With the announcement of its new Analytics Cloud last week, Alteryx Inc. took yet another step forward in its pursuit of data democratization.
Several key acquisitions and an influx of new management over the past two years have furthered the company’s goal of “analytics for all.” The recent introduction of the Alteryx Analytics Cloud and Alteryx Auto Insights have provided the big data/infrastructure software vendor with new momentum as it continues to expand partnerships with Snowflake Inc. and other major firms.
To gain a better understanding of cloud automation in the era of big data analytics, theCUBE, SiliconANGLE’s livestreaming studio, collaborated with Alteryx in an event that featured interviews with company thought leaders on the technology solutions that will drive enterprise IT solutions.
Here are three insights you might have missed from theCUBE’s interviews during the “Accelerating Automated Analytics in the Cloud With Alteryx” event with host Dave Vellante. (* Disclosure below.)
1. Just having AI is not enough; using it for strategic advantage is the focus for enterprises today
When MIT’s Sloan Management Review and the Boston Consulting Group surveyed enterprises in 2019, it found that 40% of organizations making significant investments in artificial intelligence did not report business gains.
However, there are signs that statistic may be changing. A recently published survey of senior data and tech executives by NewVantage Partners reports that 92% of large companies are seeing returns on AI investments.
An example of how this is impacting the business world can be seen in the large global credit card provider Mastercard Inc. The company has been using AI to screen for card fraud over many years. But when Mastercard built a decision-management platform, leveraging 13 AI technologies on top of its in-memory grid with over 2 billion card profiles, the number of false-positives declined. This saved headaches for card customers and money for the financial giant.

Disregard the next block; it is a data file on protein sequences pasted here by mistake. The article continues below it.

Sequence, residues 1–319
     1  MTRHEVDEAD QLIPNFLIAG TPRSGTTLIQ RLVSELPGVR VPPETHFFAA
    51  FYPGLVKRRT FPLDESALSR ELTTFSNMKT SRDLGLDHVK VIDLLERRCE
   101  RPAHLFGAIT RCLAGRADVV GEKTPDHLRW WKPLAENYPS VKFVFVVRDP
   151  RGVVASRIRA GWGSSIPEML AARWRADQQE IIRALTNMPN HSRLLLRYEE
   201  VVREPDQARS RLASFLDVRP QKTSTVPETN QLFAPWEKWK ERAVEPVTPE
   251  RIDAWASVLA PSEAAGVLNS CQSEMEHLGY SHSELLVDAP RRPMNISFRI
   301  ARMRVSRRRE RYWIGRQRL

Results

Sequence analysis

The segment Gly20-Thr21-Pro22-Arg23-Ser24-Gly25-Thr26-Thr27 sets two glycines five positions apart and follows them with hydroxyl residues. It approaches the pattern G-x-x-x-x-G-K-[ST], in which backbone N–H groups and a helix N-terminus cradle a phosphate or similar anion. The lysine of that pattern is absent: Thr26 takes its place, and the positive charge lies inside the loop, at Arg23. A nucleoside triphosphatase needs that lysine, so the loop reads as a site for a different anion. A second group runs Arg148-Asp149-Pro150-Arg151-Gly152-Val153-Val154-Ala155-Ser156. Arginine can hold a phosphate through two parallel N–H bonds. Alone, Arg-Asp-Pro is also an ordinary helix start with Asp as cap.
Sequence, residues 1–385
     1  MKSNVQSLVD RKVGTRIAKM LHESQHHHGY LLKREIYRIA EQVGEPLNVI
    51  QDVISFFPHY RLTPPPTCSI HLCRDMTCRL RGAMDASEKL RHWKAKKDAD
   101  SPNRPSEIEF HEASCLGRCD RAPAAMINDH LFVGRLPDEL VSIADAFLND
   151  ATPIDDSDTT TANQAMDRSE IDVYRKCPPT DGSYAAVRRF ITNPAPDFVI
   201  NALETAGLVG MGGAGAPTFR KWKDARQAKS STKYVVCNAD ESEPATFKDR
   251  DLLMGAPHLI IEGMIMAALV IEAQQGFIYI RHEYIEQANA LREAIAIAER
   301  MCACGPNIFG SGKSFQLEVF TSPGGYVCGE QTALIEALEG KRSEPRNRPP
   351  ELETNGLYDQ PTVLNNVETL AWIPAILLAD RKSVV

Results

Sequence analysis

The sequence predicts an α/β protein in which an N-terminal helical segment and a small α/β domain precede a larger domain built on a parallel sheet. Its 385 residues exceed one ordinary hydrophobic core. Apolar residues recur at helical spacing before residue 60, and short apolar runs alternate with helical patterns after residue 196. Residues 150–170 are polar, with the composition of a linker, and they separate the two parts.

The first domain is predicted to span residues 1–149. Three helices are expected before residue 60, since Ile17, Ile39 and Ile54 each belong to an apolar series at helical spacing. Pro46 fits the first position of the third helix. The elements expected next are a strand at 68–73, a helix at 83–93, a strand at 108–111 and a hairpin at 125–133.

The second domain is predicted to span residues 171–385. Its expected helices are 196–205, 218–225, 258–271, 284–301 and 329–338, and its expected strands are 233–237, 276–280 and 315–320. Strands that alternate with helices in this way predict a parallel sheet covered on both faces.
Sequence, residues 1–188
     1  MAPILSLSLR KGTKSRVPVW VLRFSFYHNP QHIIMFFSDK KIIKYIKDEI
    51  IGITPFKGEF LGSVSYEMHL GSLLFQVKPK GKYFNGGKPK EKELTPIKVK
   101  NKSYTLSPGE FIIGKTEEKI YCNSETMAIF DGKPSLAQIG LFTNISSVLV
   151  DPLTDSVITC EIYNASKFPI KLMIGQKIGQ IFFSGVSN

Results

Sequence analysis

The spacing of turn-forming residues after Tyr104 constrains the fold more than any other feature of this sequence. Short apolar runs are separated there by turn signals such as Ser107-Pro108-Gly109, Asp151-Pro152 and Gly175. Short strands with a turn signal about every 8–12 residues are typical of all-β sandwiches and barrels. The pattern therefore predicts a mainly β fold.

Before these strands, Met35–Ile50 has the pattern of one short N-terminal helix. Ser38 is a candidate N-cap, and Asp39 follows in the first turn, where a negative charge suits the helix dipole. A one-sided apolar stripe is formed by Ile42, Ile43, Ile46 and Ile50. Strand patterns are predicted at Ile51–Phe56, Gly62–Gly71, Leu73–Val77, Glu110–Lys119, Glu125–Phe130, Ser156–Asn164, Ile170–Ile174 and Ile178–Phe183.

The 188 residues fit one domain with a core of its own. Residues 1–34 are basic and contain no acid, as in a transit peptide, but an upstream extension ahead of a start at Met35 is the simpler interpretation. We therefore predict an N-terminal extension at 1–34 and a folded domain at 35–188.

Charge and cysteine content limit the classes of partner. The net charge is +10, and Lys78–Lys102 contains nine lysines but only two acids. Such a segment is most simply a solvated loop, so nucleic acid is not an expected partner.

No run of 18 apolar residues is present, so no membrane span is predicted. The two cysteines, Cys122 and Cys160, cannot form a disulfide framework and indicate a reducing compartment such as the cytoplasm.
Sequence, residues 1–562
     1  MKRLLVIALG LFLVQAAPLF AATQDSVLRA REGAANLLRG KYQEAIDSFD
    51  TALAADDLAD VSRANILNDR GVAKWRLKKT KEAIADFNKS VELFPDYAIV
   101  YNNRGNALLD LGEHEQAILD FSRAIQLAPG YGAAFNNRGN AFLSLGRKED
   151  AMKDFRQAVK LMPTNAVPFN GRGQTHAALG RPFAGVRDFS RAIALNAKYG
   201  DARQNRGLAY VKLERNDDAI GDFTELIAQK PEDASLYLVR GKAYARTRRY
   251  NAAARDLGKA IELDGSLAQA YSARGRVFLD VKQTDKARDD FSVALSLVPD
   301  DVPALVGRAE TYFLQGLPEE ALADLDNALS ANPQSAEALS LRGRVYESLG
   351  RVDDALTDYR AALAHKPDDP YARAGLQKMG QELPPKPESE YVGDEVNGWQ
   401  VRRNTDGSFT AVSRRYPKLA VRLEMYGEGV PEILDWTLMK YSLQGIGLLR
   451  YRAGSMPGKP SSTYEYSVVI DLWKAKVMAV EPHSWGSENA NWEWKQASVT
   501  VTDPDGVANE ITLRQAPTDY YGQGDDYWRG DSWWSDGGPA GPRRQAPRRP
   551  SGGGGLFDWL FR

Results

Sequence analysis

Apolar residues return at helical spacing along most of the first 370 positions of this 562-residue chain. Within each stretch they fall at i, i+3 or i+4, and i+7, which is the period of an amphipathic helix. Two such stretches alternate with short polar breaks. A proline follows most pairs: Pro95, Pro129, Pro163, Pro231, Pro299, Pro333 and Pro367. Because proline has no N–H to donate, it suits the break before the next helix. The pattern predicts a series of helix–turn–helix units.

For Alteryx, which strengthened its artificial intelligence portfolio with the acquisition last fall of Hyper Anna, making AI a strategic advantage for its customers is seen as a major opportunity.
“It’s getting everyone involved in accessing AI and machine learning to unlock insights,” said Jay Henderson, vice president of product management at Alteryx, during an interview with theCUBE. “It’s getting it out of the hands of a small group of data scientists and putting it in the hands of analysts and business users. Making AI a strategic advantage … is one of the enduring themes that you’re going to see us making investments in over the next few years.”
Watch the complete interview with Jay Henderson below:[embedded content]
2. Data engineering is on the upswing, while the growth curve for data science may be flattening
Data engineers prepare data infrastructure for analysis, while data scientists concentrate on finding new insights from what the data engineers prepared. There are recent signs that the engineering side is building organizational influence at the expense of data scientists, perhaps due to the wider use of tools, such as those provided by Trifacta Inc. and Alteryx, which extend analytic capabilities to business users throughout the enterprise.